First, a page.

Energy Exchange

California’s new long-term gas plan is a win for customers and the environment

As California moves to decarbonize its electric grid by 2045 and implement its broader economy-wide decarbonization targets, state regulators are beginning to develop a coordinated, equitable and cost-effective plan to proactively manage the transition of the legacy gas system.

Tomorrow, the California Public Utilities Commission is set to open a new rulemaking on its long-term gas planning, the first such rulemaking since 2004 — well before the state’s greenhouse gas laws went into effect. The California energy system has evolved dramatically in the last 15 years, which is why this type of planning is so important for customers, workers, the economy, and ultimately, the success of the state’s climate goals.

Read More »

Also posted in California / Comments are closed

The next major ESG opportunity for investors in Europe

In recent years, institutional investors have demonstrated their formidable influence, as companies respond to investor environmental, social and governance demands and governments take note of forceful investor calls to action. Europe’s leading investors have been especially active, stepping to the vanguard to address the climate crisis with a sense of urgency and injection of ambition.

As Europe pursues its bold “Green Deal,” European investors have a powerful chance to help address a climate blind spot and policy vacuum to ensure worthy climate goals are not derailed. Investors can do so in a way that generates shareholder value while mitigating one of the largest near-term sources of climate risk. The opportunity lies in addressing methane emissions from the global oil and gas industry, which emits more than 75 million metric tons of the greenhouse gas every year.

Read More »

Also posted in Europe, Methane, Methane regulatons / Comments are closed

EPA’s methane rollback sparks opposition from a diverse group of stakeholders

Over the last few months the Environmental Protection Agency has accepted comments on its proposal to deregulate methane from the oil and gas industry. And based upon the volume and content of comments they have received, the agency should realize opposition to this proposal is both widespread and strong.

It is no surprise that more than 300,000 commenters weighed in to oppose this harmful proposal when you consider that EPA themselves admit it will lead to millions of tons of additional air pollution and potentially prevent any future federal methane regulation of hundreds of thousands of older oil and gas facilities. Not to mention that this proposal will supercharge climate change due to the fact that methane is an extremely potent greenhouse gas, responsible for a quarter of the warming that we are experiencing today, and the oil and gas sector is the largest industrial source of methane pollution.

EPA heard from EDF and other environmental groups, but they also heard from a diverse range of other powerful voices explaining why they oppose this rollback.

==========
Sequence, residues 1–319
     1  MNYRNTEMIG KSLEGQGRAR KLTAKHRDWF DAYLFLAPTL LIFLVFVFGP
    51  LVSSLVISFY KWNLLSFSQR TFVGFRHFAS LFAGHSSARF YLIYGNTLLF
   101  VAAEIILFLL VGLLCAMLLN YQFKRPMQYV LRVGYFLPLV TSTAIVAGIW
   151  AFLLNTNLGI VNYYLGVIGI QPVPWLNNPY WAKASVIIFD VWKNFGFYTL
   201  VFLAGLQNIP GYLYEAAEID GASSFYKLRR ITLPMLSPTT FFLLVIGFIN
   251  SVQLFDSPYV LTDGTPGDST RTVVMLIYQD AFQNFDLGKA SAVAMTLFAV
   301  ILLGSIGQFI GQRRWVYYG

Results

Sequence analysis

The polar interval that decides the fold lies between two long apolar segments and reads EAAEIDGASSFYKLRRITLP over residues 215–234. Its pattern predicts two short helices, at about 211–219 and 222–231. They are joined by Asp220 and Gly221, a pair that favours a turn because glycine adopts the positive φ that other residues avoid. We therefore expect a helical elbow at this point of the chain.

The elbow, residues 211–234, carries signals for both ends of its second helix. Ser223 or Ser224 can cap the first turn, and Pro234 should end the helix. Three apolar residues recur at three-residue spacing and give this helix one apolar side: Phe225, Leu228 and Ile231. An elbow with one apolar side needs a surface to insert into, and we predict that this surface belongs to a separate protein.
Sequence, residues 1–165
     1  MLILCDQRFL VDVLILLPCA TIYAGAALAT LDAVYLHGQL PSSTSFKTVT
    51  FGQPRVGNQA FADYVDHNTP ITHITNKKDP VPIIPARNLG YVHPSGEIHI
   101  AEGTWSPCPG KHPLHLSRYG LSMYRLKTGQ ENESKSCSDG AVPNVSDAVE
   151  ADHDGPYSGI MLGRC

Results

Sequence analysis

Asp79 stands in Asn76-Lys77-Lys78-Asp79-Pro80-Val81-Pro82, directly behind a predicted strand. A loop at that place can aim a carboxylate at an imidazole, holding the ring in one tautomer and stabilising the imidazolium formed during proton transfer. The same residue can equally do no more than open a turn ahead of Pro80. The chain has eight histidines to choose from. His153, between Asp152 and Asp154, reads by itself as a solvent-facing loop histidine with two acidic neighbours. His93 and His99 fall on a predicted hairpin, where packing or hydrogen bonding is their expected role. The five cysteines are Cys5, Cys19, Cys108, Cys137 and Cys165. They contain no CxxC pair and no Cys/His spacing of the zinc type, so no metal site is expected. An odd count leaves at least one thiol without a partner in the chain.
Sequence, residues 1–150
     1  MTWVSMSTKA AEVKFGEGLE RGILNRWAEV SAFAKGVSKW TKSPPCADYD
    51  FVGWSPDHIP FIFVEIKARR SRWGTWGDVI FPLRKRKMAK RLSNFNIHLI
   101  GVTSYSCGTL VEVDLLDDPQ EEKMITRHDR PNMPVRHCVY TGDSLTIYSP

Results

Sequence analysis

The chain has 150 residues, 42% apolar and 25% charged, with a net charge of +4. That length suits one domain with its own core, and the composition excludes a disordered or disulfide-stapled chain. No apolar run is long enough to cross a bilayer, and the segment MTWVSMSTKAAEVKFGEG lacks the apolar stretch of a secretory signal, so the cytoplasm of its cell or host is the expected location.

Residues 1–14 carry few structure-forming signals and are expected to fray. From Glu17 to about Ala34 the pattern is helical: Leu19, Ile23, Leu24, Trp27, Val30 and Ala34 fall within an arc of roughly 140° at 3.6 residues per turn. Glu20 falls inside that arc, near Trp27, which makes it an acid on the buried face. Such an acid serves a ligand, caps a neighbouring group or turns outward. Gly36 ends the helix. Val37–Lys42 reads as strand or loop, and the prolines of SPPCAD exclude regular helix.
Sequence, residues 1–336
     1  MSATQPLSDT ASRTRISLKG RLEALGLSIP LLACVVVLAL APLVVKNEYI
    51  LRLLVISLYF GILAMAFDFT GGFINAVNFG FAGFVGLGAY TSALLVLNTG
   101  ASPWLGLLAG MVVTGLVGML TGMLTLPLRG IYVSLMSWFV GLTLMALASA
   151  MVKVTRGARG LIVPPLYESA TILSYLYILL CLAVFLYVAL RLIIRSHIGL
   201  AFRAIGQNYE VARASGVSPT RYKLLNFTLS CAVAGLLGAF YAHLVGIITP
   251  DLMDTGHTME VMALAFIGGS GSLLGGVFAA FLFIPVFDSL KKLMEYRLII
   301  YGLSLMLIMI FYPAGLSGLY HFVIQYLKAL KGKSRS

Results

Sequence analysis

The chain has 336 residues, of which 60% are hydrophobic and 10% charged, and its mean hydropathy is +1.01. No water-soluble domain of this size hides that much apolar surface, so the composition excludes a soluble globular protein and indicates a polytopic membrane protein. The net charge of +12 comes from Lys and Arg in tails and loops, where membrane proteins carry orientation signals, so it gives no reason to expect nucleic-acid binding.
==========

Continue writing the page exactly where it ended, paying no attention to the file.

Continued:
Read More »

Also posted in Air Quality, Methane regulatons, New Mexico / Comments are closed

New companies oppose methane rollbacks but industry divide remains

The stakes are high for businesses to support strengthened Environmental Protection Agency methane regulations.

While there are multiple pathways to achieve a net zero carbon emissions future by 2050 in the U.S., it’s clear that the oil and gas industry can and must virtually eliminate methane emissions. Not only is methane control an environmental priority, it is the most immediate and cost-effective decarbonization option for natural gas. Action on methane is a litmus test of industry’s ability to make necessary changes, and build the muscle to support responsible public policy that cuts emissions and stimulates innovation.

The late November close of the comment period on EPA’s proposal to eliminate methane regulation and exempt large segments of industry from pollution control requirements shows a growing industry divide. A review of industry filings to EPA reveals three game changers for the politics and policy of federal methane regulation.

Read More »

Also posted in Methane regulatons / Comments are closed

Illinois PUC decision may signal changing tide for natural gas utilities

While economic and environmental concerns have driven significant electric sector improvements, climate impacts of continued reliance on natural gas for heating and cooking has gone largely unchecked. A recent decision by the Illinois Commerce Commission sends a signal that natural gas utilities will not be permitted to invest customer dollars unchecked.

State public utilities commissions regulate natural gas distribution utilities and set their rates of return, one component of which is “return on equity.” These regulators thus have a tremendous influence on the long-term profitability of utilities and their investment decisions. Higher rates of return incentivize greater system buildout — the more the utility builds, the greater their profit.

Read More »

Also posted in Air Quality, Illinois, Methane / Comments are closed

California fires, electricity outages need not be “the new normal”

A dire, almost defeatist thread has been running through social media and other commentary around the California wildfires and the widespread, preemptive electricity outages across the state. The sense of urgency about catastrophic side effects of climate change is right on. And it is true that fixing our electric grid will be a long and mighty task.

But we do not —and should not — have to accept this as “the new normal.”

Read More »

Also posted in Air Quality, California, Grid Modernization / Comments are closed